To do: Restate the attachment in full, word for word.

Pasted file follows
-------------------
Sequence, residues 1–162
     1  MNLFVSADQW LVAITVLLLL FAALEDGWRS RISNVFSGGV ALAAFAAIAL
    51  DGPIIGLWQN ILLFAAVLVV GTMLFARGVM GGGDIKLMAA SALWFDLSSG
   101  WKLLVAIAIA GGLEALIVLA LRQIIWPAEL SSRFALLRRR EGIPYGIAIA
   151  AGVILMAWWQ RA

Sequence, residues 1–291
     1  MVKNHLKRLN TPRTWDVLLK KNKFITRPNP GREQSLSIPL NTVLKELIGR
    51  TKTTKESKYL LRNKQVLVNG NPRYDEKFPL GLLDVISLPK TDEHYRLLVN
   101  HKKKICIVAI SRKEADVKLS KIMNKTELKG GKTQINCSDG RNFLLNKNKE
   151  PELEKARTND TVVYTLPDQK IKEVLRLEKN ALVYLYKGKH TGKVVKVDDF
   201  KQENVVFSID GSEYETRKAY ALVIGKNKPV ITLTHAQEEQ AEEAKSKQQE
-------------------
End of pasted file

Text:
Sequence, residues 1–162
     1  MNLFVSADQW LVAITVLLLL FAALEDGWRS RISNVFSGGV ALAAFAAIAL
    51  DGPIIGLWQN ILLFAAVLVV GTMLFARGVM GGGDIKLMAA SALWFDLSSG
   101  WKLLVAIAIA GGLEALIVLA LRQIIWPAEL SSRFALLRRR EGIPYGIAIA
   151  AGVILMAWWQ RA

Sequence, residues 1–291
     1  MVKNHLKRLN TPRTWDVLLK KNKFITRPNP GREQSLSIPL NTVLKELIGR
    51  TKTTKESKYL LRNKQVLVNG NPRYDEKFPL GLLDVISLPK TDEHYRLLVN
   101  HKKKICIVAI SRKEADVKLS KIMNKTELKG GKTQINCSDG RNFLLNKNKE
   151  PELEKARTND TVVYTLPDQK IKEVLRLEKN ALVYLYKGKH TGKVVKVDDF
   201  KQENVVFSID GSEYETRKAY ALVIGKNKPV ITLTHAQEEQ AEEAKSKQQE